Whether or not you consider having sex with a robot “cheating” isn’t really a question about robot sex. Darling believes it says more about the terms of your relationship and how you communicate with each other. “Some people would enthusiastically endorse an arrangement that included sex with a robot. Others wouldn’t be comfortable with it. So long as everyone involved is on board, it’s not cheating.”

If you can’t imagine a situation where you’d want your partner getting it on with a robot instead of you, Fisher suggests, “Let’s say they make a doll that looks exactly like you, and you travel constantly in Europe or the Far East.” Meanwhile, your partner is back home, having sex with the robot. “The partner who’s traveling might feel good that they’re not out sleeping with real people,” She explains.

Of course, sex robots aren’t just for the lonely. They can add a new dimension to a couple’s relationship and encourage both partners to open up about their fantasies. Fisher says, “I mean, I’ve never gotten a man to tell me what his fantasies are, but perhaps with a doll, one could stimulate them to know what their real fantasies are, and provide it another way.” She offers another example where the robot provides a new perspective. “Let’s talk about somebody who has a very difficult time coming, because they’re so busy trying to please somebody. So then they get a doll, and they don’t have to worry about someone else’s feelings, and they discover that they can come a lot faster. And so then, maybe they can work into their fantasy life what happened with the doll and come faster with a partner.”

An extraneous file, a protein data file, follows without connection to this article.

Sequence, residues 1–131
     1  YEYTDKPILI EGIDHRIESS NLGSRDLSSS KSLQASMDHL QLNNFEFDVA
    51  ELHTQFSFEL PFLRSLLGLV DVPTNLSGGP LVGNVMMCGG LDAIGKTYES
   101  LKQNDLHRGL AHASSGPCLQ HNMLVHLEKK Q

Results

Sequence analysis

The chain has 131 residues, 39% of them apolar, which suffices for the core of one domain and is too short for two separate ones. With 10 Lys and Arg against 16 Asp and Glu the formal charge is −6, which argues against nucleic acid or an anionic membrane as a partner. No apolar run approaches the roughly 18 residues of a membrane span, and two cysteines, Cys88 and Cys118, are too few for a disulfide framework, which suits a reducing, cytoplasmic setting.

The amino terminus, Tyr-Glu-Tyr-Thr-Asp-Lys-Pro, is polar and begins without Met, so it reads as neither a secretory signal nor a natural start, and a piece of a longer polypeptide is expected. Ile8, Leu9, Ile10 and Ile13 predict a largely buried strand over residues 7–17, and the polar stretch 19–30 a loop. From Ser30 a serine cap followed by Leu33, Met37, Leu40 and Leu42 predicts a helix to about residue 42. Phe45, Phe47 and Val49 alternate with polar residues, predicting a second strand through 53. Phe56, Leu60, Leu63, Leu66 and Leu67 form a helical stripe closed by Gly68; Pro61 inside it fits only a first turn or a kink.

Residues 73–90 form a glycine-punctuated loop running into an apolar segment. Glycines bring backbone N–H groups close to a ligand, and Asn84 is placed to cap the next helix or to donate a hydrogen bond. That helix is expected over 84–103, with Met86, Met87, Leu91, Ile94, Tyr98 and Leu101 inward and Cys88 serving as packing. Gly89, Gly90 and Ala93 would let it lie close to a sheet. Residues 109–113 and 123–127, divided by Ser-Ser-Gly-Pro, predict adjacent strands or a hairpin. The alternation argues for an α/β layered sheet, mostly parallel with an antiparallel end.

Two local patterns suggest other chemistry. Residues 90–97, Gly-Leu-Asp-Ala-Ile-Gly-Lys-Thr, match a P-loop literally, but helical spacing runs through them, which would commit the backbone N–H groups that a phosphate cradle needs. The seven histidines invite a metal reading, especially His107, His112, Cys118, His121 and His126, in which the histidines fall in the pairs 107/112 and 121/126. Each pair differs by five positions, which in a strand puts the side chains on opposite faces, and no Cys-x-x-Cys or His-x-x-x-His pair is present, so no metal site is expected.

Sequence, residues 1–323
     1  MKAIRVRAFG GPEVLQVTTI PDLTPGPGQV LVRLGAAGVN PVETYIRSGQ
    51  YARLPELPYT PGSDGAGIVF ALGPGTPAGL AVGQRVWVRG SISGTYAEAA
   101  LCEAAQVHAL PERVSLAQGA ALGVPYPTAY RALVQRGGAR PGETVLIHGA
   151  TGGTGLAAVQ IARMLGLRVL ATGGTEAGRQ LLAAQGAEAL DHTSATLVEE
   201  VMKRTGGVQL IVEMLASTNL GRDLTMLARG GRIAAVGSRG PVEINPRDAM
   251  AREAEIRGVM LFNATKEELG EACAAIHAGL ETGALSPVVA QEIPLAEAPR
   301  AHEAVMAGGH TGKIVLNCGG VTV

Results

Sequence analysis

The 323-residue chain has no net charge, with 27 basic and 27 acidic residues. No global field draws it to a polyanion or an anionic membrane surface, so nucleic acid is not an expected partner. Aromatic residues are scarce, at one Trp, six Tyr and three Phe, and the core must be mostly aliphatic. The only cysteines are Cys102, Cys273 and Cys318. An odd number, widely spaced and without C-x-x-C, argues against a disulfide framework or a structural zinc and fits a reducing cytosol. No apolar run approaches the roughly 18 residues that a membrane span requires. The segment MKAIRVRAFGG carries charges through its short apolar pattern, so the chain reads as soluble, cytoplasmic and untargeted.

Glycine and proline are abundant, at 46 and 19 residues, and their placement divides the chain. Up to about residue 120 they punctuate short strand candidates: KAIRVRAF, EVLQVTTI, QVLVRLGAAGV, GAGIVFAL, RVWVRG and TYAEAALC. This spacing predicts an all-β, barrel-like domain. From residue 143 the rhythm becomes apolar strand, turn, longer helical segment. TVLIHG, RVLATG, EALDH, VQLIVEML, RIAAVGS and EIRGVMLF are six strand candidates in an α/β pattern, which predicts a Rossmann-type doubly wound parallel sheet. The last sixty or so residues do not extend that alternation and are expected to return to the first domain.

Sex robots aren’t your typical sex toy. Darling says they’re trending toward looking and feeling increasingly “alive” and human. “That allows for more of an immersive fantasy than a lot of the toys we’ve seen so far.” If you have access to a sex robot, and you and your partner both want to bring it to bed, why not go for it? According to Fisher, “If you’ve talked about why you feel like doing it, and you get a lot of laughs while you’re doing it, and people come rapidly, and you’re hugging and kissing, and the doll falls down on the floor, you may have had a better experience that can enliven the relationship and open things up.”

As long as sex bots cost thousands of dollars, robot threesomes are unlikely to become commonplace—but even a theoretical willingness to have sex with a robot could be good news for your sex life. “We know from this study that those people who said they would have sex with a robot also had a great deal more sex during the course of this year,” says Fisher. She believes people who are interested in robot sex probably have fewer inhibitions in general. “It sounds kooky to them, and they like sex, they’re more comfortable with sex, they’re more adventurous with sex, and they’re certainly going to be more likely to try something new.”